QUICK question about Mens Rea - Recklessness

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BearDownChicago
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QUICK question about Mens Rea - Recklessness

Postby BearDownChicago » Sat Dec 04, 2010 10:31 pm

Is recklessness determined subjectively or both subjective/objectively?

One of my books says only subjectively but I thought it was both.

Thanks

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blurbz
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Re: QUICK question about Mens Rea - Recklessness

Postby blurbz » Sat Dec 04, 2010 10:42 pm

The defendant has to consciously disregard a substantial and unjustifiable risk that a reasonable person would not have disregarded.

Broken down:

"The defendant has to consciously disregard" is subjective.

"a substantial and unjustifiable risk" is both subjective and objective as it considers the situation with the facts as the defendant thought them to be (subjective) and then determines if the substantial/unjustifiable portion is met (objective).

"that a reasonable person would not have disregarded" is objective.

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kalvano
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Re: QUICK question about Mens Rea - Recklessness

Postby kalvano » Sat Dec 04, 2010 10:56 pm

Subjectively, I believe.

"Reckless – aware of substantial and unjustifiable risk, but acted anyway"

Has to be based on the facts at hand.

Generic20101L
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Re: QUICK question about Mens Rea - Recklessness

Postby Generic20101L » Sun Dec 05, 2010 1:49 am

Aggravated Recklessness is objective, regular is subjective.

$$$$$$
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Re: QUICK question about Mens Rea - Recklessness

Postby $$$$$$ » Sun Dec 05, 2010 2:03 am

prof's all teach it differently. but here, it is both subjective in some ways and objective in others

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underdawg
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Re: QUICK question about Mens Rea - Recklessness

Postby underdawg » Sun Dec 05, 2010 3:57 am

i thought it was both, because if it were purely subjective, wouldn't that mean sometimes there could be manslaughter where the person was not even negligent?

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Stanford4Me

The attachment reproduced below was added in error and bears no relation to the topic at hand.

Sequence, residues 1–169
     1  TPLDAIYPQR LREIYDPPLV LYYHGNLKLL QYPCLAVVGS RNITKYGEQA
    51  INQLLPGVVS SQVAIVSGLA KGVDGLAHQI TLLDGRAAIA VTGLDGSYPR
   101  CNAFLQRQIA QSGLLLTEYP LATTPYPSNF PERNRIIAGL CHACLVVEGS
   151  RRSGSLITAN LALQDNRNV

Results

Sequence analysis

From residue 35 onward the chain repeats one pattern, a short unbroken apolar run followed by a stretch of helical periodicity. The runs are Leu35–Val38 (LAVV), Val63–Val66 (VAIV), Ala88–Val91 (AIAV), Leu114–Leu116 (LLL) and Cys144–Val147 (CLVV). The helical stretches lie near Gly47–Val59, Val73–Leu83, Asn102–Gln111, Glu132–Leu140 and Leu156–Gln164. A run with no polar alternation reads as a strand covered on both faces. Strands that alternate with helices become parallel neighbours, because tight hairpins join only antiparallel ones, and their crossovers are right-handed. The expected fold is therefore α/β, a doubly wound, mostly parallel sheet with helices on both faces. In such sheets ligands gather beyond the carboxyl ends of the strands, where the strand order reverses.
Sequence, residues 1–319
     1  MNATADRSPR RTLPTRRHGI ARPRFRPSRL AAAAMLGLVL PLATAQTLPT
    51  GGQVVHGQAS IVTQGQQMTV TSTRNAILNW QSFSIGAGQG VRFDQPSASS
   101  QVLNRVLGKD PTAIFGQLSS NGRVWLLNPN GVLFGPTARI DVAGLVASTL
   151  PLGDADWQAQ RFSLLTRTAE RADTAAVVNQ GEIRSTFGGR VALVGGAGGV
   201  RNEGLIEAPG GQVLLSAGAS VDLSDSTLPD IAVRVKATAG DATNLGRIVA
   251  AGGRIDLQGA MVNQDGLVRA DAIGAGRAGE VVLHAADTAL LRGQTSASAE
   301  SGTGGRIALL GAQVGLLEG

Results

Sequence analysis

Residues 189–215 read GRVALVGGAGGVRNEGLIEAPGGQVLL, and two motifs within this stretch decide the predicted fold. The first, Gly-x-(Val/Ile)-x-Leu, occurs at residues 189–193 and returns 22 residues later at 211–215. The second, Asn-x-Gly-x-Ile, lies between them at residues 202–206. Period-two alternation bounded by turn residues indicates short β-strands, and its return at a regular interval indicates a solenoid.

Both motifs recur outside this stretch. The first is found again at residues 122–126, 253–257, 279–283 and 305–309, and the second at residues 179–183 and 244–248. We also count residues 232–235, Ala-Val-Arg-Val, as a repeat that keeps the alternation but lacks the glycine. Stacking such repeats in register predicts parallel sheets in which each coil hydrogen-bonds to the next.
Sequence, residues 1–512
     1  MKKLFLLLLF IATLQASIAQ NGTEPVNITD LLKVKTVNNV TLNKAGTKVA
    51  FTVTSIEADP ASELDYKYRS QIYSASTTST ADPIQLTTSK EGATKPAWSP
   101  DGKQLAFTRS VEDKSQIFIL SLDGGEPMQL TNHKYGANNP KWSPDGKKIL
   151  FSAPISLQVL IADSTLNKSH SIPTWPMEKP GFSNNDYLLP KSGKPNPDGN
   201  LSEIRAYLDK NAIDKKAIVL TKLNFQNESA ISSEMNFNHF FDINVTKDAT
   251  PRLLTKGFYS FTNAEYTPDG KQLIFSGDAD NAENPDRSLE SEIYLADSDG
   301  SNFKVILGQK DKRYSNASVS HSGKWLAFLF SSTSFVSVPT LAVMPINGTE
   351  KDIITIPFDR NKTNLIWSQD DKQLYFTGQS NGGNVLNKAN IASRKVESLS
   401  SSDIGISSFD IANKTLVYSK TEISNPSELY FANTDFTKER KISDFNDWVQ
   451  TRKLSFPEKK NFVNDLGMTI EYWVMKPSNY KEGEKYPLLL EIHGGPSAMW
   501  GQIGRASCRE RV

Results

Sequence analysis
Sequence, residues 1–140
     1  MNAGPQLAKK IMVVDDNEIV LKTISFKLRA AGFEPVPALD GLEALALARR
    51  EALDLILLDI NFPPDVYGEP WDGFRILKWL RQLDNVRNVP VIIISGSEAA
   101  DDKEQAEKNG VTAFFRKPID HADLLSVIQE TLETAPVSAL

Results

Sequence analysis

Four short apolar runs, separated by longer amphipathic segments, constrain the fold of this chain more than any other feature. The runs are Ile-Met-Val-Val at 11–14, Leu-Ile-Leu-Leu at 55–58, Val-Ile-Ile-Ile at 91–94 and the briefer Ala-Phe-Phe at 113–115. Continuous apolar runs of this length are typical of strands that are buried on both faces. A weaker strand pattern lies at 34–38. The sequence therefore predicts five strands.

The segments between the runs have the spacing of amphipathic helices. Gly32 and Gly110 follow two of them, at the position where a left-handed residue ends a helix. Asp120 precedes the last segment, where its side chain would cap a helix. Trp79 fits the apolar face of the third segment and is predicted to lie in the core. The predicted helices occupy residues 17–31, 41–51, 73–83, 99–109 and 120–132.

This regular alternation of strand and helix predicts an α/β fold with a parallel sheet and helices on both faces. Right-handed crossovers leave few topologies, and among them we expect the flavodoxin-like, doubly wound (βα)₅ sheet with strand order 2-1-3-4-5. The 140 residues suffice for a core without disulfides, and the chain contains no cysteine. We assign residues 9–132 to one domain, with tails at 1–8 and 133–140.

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Re: QUICK question about Mens Rea - Recklessness

Postby Stanford4Me » Sun Dec 05, 2010 4:14 am

I thought it was both in the sense that they have an objective "reasonable person" standard, but they assess the reasonable person by taking into consideration what a reasonable person with circumstances similar to those of the defendant's would do. The "subjectivity" of it is that it allows courts to consider things like socioeconomic status and prior events that may have affected the defendant.

Of course, I hate crim with a passion and will probably do the worst in that class.

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beach_terror
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Re: QUICK question about Mens Rea - Recklessness

Postby beach_terror » Sun Dec 05, 2010 2:04 pm

$$$$$$ wrote:prof's all teach it differently. but here, it is both subjective in some ways and objective in others

savagecheater
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Re: QUICK question about Mens Rea - Recklessness

Postby savagecheater » Sun Dec 05, 2010 2:57 pm

Obj & Sub

Ob -> Reasonable person would realize risk

Sub -> disregard of risk.

edit - I actually have a question about MR for accomplice liability.

MR for accomplice is generally for the substantive crime, right? So whatever MR would suffice w/r/t the result, the attendant circumstances, or both? Two hypos for accomplice liability.

#1 - burglarizing a house; A knows they're burglarizing, B knows they're not supposed to be there, but doesn't understand what the objective is, if any, simply understands they're breaking into a house, doesn't have an intent w/r/t 'an offense'.

#2 - burglarizing a house; A & B both share intent for the buglary, owner of the house surprises them, A (w/o B's knowledge/approval) pulls out a gun and fires at the owner, misses.

For #2 attempt is specific intent crime so I'm inclined to say you can't assign liability for the attempted shooting? But if the owner was shot you could passably assign liability b/c some jurisdictions hold accomplices liable for all foreseeable results of the crime?

Attendant circumstances & accomplice liability are the bane of my LS career.
Last edited by savagecheater on Sun Dec 05, 2010 3:25 pm, edited 1 time in total.

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dailygrind
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Re: QUICK question about Mens Rea - Recklessness

Postby dailygrind » Sun Dec 05, 2010 3:23 pm

it's subjective in that the person must consciously disregard the risk, but it's objective in that the prosecutor will be asking the jury to discover whether or not the defendant recklessly disregarded by asking whether they themselves would have known the risk.




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